• If they are:

    – not free to leave the accommodation,
    – under continuous supervision and control,

then the ‘acid test’ is met, and they are being deprived of their liberty.

DHSC guidance

The flowchart from the DHSC at Annex A summarises the first step (above) as “Is the person receiving life-saving treatment and is that treatment materially the same as that given to a patient without a mental disorder?”. If it is the same treatment then “DoLS does not apply”.

The DHSC test is not the same as that described in Ferreira as it considers whether P is actually physically restricted by their physical infirmities and by the treatment, rather than by a restriction imposed by the State. It is not clear in the guidance what life-saving treatment is anticipated to be given in a care home, whilst the patient is unconscious or semi-conscious for a period of time that would otherwise require a DoLS authorisation.

It is difficult to see how life saving treatment in an ICU can find a direct comparator in a care home setting.

Of note, the guidance also states “Where the person is receiving end of life care, decision makers should use their professional judgement as to whether DoLS assessments are appropriate and can add any value to the person’s care or treatment”.

Conclusion

Paragraph 21 may be reassuring for providers during the pandemic. The DHSC guidance states that if the provider has followed the principles of the Mental Capacity Act (e.g. acting in the best interests of the individual), “then they have done everything that can be reasonably expected in the circumstances to protect the person’s human rights”.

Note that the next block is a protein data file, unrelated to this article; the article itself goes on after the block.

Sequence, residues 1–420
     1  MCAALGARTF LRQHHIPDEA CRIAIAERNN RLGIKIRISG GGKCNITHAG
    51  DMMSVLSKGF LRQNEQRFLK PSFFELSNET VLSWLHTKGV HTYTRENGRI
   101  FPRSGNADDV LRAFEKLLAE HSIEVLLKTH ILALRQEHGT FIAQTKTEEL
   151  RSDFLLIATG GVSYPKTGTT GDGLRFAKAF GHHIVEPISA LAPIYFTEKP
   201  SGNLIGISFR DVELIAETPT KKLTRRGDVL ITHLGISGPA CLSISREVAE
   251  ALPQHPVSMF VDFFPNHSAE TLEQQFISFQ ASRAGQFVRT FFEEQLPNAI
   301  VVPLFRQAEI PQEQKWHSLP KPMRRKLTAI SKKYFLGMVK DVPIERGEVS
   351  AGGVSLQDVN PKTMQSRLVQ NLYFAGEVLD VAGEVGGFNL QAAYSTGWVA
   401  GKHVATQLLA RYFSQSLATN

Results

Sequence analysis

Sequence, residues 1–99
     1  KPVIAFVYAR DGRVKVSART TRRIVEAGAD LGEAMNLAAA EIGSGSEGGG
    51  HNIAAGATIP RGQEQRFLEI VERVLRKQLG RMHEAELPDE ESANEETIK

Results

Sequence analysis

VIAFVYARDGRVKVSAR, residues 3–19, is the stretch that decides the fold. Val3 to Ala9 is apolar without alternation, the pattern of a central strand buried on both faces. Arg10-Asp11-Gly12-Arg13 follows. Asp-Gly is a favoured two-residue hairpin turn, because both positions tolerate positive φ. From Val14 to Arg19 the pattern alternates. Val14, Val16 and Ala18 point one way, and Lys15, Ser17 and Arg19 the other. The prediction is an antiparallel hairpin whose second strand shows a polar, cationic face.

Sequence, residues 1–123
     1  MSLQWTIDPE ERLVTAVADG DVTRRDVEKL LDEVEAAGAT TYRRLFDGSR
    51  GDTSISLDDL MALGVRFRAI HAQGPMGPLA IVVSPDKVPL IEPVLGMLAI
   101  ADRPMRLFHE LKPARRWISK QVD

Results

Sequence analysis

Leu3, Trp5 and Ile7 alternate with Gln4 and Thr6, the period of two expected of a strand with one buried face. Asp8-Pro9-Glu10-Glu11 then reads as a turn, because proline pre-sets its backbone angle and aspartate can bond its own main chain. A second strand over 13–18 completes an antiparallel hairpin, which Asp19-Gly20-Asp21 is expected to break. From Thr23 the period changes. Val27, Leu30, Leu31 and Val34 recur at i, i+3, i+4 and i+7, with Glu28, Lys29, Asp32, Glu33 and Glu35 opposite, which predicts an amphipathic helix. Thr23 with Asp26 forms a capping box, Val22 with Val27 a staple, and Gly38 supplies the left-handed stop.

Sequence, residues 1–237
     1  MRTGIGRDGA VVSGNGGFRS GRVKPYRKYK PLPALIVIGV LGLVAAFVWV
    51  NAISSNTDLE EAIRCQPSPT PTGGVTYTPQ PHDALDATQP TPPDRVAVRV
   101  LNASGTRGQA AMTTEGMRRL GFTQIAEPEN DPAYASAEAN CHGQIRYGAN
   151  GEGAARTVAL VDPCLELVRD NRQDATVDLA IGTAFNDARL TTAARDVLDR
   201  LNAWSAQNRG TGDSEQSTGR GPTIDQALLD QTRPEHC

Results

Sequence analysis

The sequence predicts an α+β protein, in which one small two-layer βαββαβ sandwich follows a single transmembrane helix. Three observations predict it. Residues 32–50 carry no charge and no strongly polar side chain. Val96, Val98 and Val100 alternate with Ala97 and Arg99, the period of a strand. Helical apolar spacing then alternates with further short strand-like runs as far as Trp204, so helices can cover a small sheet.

It remains to be seen how transposing the application and use of the Ferreira judgment from ICU treatment into care homes works in practice and whether this will be challenged. There is clearly a need to keep legal processes proportionate during a pandemic in order to keep them working. It is essential to maintain necessary legal safeguards, and avoid overly restrictive situations occurring without scrutiny from the supervisory bodies.

Summary of Action

Decision makers in hospitals and care homes need to decide:

  • What the new arrangements (restrictions) are needed for each individual

  • Whether new arrangements constitute a ‘deprivation of liberty’ for that individual (applying the DHSC guidance, including whether life-saving treatment is being given, and also identifying the root cause of the restrictions whether physical illness, or for their mental disorder, and applying the acid test), and

  • If the new measures do amount to a deprivation of liberty, whether a new DoLS authorisation is required.

If a new authorisation is required:

Decision makers should follow their usual DoLS processes to seek authorisation, including for urgent authorisations there is a new, shorter ‘urgent authorisation’ Form at Annex B.

Please get in touch

If you have increased restrictions for your residents or patients, and you feel they fall into the ‘life-saving treatment the same as would be given to someone without a mental disorder’, please do get in touch with Clyde & Co.

If you have any questions or comments in relation to this article please contact Clyde & Co.

Gemma Brannigan
Partner, Clyde & Co LLP
Gemma.Brannigan@clydeco.com

Judith Duffin
Consultant, Clyde & Co LLP
Judith.Duffin@clydeco.com

Clyde & Co LLP and Premium Medical Protection Ltd accept no responsibility for loss occasioned to any person acting or refraining from acting as a result of material contained in this summary. No part of this summary may be used, reproduced, stored in a retrieval system or transmitted in any form or by any means, electronic, mechanical, photocopying, reading or otherwise without the prior permission of Clyde & Co LLP. © Clyde & Co LLP 2020